Prove that for $\displaystyle f:\mathbb{R}\to\mathbb{R}$ defined as $\displaystyle f(x)=2x^2+8$, $\displaystyle f$ has a limit at $\displaystyle 2$.

Obviously the limit is $\displaystyle 16$. So we need to show that for each $\displaystyle \epsilon>0$, there exists $\displaystyle \delta>0$ such that for each $\displaystyle x$ satisfying:

$\displaystyle |x-2|<\delta$

it is then true that:

$\displaystyle |(2x^2+8)-16|<\epsilon$

So let's get busy. The last bit simplifies to:

$\displaystyle |x^2-4|<\frac{\epsilon}{2}$

I can only guess what to do next. I could try this:

$\displaystyle -\frac{\epsilon}{2}<x^2-4<\frac{\epsilon}{2}$

which simplifies to:

$\displaystyle 4-\frac{\epsilon}{2}<x^2<4+\frac{\epsilon}{2}$

But this is a little strange. I want to take the square root, but the left side could be negative, so I can't. So, maybe I could do:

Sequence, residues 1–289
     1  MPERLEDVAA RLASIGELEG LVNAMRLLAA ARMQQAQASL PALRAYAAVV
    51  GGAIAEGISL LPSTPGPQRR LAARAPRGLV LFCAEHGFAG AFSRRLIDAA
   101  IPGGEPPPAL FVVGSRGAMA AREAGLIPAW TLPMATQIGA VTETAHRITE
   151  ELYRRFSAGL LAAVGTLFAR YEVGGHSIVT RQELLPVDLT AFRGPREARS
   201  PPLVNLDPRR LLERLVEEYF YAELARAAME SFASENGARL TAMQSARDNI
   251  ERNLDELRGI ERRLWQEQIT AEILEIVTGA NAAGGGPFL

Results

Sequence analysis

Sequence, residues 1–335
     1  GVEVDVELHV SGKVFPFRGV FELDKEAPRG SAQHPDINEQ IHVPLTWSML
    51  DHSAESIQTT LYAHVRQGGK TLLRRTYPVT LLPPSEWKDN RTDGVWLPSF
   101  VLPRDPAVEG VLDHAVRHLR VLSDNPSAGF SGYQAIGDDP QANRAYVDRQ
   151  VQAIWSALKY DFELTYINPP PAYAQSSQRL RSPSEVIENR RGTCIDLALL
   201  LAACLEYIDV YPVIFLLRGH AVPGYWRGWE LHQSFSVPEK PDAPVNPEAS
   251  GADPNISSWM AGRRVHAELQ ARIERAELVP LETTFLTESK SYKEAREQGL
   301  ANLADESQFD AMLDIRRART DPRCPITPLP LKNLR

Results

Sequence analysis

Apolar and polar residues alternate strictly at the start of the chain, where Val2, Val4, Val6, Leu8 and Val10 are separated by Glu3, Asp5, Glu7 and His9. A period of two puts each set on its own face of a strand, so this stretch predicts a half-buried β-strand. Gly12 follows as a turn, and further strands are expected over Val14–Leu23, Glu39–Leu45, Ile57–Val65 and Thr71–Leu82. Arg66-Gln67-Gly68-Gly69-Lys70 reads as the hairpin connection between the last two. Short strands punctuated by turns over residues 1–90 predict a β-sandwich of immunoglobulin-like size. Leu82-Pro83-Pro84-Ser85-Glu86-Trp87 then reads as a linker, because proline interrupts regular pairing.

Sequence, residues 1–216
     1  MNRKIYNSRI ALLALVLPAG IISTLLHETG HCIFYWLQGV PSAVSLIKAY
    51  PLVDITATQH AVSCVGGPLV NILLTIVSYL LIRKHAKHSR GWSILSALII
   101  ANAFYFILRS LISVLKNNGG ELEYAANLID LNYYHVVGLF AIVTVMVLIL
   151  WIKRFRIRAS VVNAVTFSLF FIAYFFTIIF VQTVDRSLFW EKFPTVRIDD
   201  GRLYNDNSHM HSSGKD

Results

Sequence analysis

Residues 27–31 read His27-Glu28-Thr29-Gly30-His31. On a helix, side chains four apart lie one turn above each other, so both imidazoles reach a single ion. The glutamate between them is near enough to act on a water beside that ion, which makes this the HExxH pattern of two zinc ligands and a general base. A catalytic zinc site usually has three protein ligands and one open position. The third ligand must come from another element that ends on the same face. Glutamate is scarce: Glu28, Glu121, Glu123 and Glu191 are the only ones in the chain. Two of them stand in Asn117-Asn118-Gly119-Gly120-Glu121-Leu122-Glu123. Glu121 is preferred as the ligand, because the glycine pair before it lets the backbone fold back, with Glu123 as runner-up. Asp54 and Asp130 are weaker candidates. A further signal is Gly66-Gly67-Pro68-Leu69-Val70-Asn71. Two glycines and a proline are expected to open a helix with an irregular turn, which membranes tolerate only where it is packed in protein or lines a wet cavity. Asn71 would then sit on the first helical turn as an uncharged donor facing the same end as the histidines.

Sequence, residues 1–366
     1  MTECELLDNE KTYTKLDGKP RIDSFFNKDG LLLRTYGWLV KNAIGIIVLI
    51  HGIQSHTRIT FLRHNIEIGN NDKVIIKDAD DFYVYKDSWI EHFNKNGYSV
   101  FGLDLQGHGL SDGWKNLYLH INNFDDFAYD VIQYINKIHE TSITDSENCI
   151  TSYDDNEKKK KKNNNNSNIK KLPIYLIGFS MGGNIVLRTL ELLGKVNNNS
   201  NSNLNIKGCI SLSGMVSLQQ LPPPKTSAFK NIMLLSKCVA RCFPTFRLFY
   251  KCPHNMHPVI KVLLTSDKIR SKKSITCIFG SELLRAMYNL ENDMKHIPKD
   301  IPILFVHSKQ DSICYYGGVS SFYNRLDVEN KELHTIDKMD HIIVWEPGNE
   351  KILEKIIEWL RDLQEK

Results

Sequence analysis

$\displaystyle max\{0,4-\frac{\epsilon}{2}\}<x^2<4+\frac{\epsilon}{2}$

which simplifies to:

$\displaystyle \sqrt{max\{0,4-\frac{\epsilon}{2}\}}<|x|<\sqrt{4+\frac{\epsilon}{ 2}}$

But how would I get that into something workable?

Alternatively, we could go back to this:

$\displaystyle -\frac{\epsilon}{2}<x^2-4<\frac{\epsilon}{2}$

And try this:

$\displaystyle -\frac{\epsilon}{2}<(x-2)(x+2)<\frac{\epsilon}{2}$

But then we have a problem of negatives. So let's assume $\displaystyle x+2<0$. Then:

$\displaystyle -\frac{\epsilon}{2(x+2)}>(x-2)>\frac{\epsilon}{2(x+2)}$

$\displaystyle |x-2|<-\frac{\epsilon}{2(x+2)}$

Now assume $\displaystyle x+2\geq0$. Then:

$\displaystyle |x-2|<\frac{\epsilon}{2(x+2)}$

In both cases we have this:

$\displaystyle |x-2|<\frac{\epsilon}{2|x+2|}$

But still we have a problem. How do we find $\displaystyle \delta$ from this:

$\displaystyle \delta\leq\frac{\epsilon}{2|x+2|}$

?

Or am I going about this entirely the wrong way?

Any help would be much appreciated!